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Russian Journalists Sign Letter Demanding U.S. Reporter’s Release

Evan Gershkovich at Moscow's Lefortovsky court. Alexander Zemlianichenko / AP / TASS

At least 200 Russian journalists have signed an open letter calling on the Russian government to release American journalist Evan Gershkovich after he was detained and charged with espionage last week.

The signatories dismissed allegations that Gershkovich had been collecting state secrets about Russia’s defense industry while reporting a story for his employer, the Wall Street Journal, as “preposterous and unjust.” 

Russia’s Federal Security Service (FSB) had “provided no evidence to support this claim; it expects us to take its investigators at their word,” the journalists said in a scathingly worded open letter published by several news organizations on Tuesday.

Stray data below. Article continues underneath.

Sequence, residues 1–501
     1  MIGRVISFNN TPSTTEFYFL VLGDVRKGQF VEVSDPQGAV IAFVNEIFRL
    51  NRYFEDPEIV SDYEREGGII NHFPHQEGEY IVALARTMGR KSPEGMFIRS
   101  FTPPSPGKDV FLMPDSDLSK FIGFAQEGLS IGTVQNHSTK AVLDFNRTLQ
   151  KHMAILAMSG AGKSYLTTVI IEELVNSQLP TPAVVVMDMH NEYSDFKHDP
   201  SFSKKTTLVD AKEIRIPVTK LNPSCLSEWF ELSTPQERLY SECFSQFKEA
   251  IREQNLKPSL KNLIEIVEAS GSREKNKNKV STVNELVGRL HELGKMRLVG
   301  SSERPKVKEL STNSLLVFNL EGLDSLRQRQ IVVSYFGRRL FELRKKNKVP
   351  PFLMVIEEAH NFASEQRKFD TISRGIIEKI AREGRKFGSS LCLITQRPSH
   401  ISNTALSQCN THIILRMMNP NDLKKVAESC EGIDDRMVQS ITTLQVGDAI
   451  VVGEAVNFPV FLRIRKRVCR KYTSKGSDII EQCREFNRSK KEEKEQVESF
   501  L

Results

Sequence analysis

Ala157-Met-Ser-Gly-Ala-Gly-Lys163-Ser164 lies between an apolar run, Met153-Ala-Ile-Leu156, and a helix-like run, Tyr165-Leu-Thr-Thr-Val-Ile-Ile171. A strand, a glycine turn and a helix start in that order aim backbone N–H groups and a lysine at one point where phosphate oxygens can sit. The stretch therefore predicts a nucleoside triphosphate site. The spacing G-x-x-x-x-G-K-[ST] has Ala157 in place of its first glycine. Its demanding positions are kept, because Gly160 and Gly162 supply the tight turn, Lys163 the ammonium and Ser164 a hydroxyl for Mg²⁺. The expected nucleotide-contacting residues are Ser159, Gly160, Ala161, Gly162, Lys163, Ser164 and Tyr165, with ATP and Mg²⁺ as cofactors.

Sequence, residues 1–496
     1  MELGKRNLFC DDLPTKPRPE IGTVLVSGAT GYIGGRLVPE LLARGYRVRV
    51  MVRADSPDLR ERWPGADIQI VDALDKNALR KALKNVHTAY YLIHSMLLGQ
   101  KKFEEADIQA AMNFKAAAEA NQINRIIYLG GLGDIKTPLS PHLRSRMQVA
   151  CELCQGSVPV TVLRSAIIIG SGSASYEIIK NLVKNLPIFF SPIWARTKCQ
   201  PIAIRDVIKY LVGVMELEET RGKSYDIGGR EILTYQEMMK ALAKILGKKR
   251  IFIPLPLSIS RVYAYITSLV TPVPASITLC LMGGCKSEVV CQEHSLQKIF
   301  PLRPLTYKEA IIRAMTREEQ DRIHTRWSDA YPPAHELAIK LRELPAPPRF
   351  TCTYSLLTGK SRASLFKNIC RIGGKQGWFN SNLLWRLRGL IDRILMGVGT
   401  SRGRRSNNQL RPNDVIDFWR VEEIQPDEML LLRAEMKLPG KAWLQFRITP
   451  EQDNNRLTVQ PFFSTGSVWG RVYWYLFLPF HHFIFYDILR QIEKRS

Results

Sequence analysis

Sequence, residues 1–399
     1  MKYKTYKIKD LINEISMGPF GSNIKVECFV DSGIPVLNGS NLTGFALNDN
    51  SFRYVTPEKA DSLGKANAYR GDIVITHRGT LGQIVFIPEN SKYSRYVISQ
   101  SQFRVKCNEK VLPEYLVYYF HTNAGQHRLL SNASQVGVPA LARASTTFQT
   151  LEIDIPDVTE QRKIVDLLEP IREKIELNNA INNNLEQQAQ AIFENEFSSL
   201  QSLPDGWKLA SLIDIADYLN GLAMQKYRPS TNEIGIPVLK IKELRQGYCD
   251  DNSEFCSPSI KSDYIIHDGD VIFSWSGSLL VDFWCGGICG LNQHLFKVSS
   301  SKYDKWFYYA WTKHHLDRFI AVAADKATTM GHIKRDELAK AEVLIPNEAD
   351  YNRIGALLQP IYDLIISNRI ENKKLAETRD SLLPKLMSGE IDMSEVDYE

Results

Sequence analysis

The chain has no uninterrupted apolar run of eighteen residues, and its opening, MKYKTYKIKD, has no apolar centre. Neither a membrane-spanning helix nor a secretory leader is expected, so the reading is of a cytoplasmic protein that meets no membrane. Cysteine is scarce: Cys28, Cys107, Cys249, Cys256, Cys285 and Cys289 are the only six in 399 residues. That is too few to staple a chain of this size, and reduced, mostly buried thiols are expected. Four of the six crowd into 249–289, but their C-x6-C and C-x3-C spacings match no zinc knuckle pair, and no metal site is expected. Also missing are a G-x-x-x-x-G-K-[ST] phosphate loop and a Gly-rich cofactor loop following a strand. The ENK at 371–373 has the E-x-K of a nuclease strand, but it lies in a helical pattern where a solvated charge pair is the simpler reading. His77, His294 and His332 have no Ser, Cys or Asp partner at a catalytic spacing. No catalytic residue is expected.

“The FSB’s reputation, on the contrary, has been destroyed by its own agents over the years,” the letter continued.

“There is no reason for society to trust these ‘professionals’.”

The letter’s authors compared Gershkovich’s espionage case to that of Russian defense reporter Ivan Safronov, who was last year found guilty of treason and sentenced to 22 years in prison, in a case that his supporters allege was brought against him as punishment for his journalism.

The similarities between this new ‘espionage’ case and the case against Safronov give us reason to seriously doubt the accusations against Evan Gershkovich,” the letter said.

“We demand that our colleague Evan Gershkovich be set free immediately,” it added, stressing the “great risks” taken by foreign correspondents who continue to report from Russia.

At least 218 Russian journalists, news organizations, and members of civil society had signed the letter demanding as of Wednesday morning.

The arrest of Gershkovich, a former journalist for The Moscow Times and AFP, has prompted an outcry from U.S. media outlets and rights groups, as well as from senior U.S. government officials.

Both the WSJ and the reporter deny the charges. Gershkovich on Monday appealed against his detention, which is scheduled to last until at least May 29. 

Espionage charges carry a maximum 20-year jail term under Russian law.

AFP contributed reporting.

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